Shows and movies directed at teens often feel fake, with adult actors that look like supermodels and characters that feel superficial. For example, the popular Netflix series Riverdale has conventionally attractive actors in their mid-20s playing high school students. The truth is, teenagers aren’t picture-perfect.. They have acne, awkward limbs that they’re still growing into, all kinds of body shapes, mood swings, difficulty expressing their emotions, and tense moments trying to interact with other teens. I have never watched a show that displays this more perfectly than Young Royals. Not only are the characters played by actual teens and young adults, but the actors also accurately demonstrate how their characters are finding their bearings in the world.

The first kiss between Simon and Wilhelm [Episode 2] is one of the most realistic romantic moments. Both characters are visibly stiff and clammy, stuttering over small talk at the beginning of the scene. As an artistic choice, the camera zooms in on each of their faces before the kiss, illustrating the avoided gazes and heavy, apprehensive breathing. The tension in this specific scene expresses the uncertainty and frustration that Wilhelm and many questioning teens first feel when discovering themselves. Although it would be nice to experience life through a romanticized lens, scenes in Young Royals are realistic and honest view of teen lives. 

As both a teenager and a queer individual, I can highly appreciate the approach Young Royals has taken in displaying the journey of a young queer person. Through the candid scenes, diverse characters, and their unrefined emotion, this series has made LGBTQ+ teens feel heard, represented, and understood. 

Rather than revolving around “coming out” like many other LGBTQ+ shows and movies have, Young Royals focuses on the importance of self-realization. This series is distinctive in that it doesn’t make a spectacle or drama out of queerness. Instead, the plot unfolds because of the romance itself, not the fact that the romance is “different” than any other “normal” relationship.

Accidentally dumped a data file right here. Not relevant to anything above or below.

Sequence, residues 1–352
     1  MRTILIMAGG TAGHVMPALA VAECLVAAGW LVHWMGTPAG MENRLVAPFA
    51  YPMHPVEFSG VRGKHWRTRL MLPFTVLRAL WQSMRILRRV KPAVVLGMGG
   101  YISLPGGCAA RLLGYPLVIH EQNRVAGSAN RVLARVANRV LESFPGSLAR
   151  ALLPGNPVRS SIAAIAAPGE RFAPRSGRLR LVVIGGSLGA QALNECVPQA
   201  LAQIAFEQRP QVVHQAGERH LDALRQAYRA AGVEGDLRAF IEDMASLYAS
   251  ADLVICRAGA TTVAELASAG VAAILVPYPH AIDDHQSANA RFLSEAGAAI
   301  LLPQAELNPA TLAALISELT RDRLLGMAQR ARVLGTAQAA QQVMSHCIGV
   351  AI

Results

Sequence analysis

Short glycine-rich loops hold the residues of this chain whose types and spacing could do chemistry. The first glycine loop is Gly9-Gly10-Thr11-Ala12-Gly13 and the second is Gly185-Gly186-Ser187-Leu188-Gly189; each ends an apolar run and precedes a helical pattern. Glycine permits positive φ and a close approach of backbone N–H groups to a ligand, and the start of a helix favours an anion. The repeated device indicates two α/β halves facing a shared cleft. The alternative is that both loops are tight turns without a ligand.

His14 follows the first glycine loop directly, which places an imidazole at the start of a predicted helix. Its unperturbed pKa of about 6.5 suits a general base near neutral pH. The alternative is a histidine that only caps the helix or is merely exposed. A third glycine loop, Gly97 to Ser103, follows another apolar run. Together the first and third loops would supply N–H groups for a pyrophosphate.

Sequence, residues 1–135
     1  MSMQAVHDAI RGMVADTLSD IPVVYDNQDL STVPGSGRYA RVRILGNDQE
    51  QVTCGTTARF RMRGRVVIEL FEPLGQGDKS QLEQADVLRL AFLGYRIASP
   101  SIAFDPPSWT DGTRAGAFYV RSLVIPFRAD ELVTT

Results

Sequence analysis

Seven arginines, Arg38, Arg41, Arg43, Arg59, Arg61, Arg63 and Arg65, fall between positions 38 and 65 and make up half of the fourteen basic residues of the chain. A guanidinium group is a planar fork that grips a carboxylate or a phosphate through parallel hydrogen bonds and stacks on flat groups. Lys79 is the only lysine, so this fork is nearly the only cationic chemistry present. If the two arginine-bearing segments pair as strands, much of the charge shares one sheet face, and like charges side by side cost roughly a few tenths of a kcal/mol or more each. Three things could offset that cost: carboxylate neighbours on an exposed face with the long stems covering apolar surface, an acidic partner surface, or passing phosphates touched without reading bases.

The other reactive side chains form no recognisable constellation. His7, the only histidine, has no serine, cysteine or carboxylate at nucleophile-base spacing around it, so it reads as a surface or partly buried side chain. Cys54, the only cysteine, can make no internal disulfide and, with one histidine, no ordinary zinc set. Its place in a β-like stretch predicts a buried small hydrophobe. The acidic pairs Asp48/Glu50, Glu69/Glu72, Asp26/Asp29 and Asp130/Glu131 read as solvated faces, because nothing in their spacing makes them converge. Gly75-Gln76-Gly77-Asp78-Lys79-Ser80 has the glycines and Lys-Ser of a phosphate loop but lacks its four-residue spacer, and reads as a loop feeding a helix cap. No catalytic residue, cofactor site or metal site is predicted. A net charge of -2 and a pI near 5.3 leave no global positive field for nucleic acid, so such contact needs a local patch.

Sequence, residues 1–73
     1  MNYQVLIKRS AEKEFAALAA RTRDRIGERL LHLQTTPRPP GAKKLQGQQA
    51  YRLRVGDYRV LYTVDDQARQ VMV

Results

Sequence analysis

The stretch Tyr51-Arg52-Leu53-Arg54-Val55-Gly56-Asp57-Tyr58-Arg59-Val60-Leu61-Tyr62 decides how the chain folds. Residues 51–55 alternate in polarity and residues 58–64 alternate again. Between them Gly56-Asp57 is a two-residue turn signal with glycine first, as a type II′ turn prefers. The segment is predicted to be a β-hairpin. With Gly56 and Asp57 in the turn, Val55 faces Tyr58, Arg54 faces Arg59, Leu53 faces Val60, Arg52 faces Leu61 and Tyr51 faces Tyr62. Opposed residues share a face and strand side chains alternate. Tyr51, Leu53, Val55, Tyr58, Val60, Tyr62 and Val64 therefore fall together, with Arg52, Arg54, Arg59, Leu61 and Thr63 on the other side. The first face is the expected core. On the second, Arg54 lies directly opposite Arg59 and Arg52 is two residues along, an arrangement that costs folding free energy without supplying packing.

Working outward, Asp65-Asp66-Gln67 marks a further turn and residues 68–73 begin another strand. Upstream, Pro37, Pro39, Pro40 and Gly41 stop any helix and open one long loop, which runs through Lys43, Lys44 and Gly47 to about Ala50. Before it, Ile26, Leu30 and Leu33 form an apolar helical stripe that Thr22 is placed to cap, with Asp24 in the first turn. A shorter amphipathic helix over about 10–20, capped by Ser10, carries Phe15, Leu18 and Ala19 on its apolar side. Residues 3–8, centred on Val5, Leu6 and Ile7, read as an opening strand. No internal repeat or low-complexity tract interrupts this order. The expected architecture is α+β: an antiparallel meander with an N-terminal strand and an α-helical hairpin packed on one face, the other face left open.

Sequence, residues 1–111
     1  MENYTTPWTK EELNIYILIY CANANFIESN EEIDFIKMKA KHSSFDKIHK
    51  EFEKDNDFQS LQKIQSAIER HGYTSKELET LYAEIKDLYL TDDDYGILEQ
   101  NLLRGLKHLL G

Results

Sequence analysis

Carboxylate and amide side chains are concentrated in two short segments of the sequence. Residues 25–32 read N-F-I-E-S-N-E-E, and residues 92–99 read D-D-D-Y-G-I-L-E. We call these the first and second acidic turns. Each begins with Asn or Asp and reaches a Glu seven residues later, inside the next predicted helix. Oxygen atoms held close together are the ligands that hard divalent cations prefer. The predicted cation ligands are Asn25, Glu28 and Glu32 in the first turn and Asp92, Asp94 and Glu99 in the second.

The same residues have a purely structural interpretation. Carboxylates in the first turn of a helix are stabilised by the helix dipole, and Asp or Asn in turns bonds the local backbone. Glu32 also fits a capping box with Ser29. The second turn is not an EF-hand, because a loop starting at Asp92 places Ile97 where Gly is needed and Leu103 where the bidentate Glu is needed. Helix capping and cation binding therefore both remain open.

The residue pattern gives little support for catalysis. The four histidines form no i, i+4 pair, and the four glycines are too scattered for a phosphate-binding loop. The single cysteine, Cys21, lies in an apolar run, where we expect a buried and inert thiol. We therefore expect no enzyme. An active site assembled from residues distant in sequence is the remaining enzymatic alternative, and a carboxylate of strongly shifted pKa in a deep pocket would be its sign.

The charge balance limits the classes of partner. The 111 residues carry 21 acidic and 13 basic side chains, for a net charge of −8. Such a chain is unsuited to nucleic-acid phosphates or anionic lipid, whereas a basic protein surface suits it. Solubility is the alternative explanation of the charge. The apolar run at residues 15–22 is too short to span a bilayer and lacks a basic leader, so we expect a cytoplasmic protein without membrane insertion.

Another notable difference between Young Royals and other movies or shows about queerness is that Young Royals includes the unpleasant aspects of questioning. Part of what made me feel so understood after watching the show is how well Wilhelm represents the uneasiness one feels when beginning to question their sexuality. He captures the apprehension of becoming suddenly aware that he is different- something that takes time to accept. Throughout Young Royals, viewers watch him experience the process of embracing his own queerness, which is a truly wholesome and reassuring thing to watch as a representation of the LGBTQ+ community. 

Because Young Royals is committed to showing the process of questioning and acceptance, there is an abundantly clear effort to emphasize the fact that there is absolutely nothing wrong with being queer. This is an essential message to send to LGBTQ+ teens, especially those who are in the process of self-discovery. 

“But we’ve done nothing wrong” “No, we haven’t” ”

— Wilhelm and Simon, Season 1

Aside from the meaningful messages of Young Royals, the artistic choices of the filming portray an exceptional love story. One of the most phenomenal scenes is of Simon and Wilhelm drinking in the golden morning light, laying together and relishing each other’s company [Episode 5]. The two share candid smiles and sweet laughter, one of the most heartwarming moments of the entire show. The series is littered with intentional and beautiful scenes such as these, making it all the more charming.

Overall, Young Royals is a fantastic, heartfelt series that includes love, drama, a diverse cast, gorgeous cinematography, significant messages about queerness, and the hardships of being a teen. Even after watching this series eight times, I am still captivated by the spectacular plot, relatable characters, influential scenes, and striking filming of Young Royals.

Netflix has just revealed that production will continue, and I am incredibly excited for future seasons. After all, Season 1 has had me in a chokehold since its release and is a definite must-watch.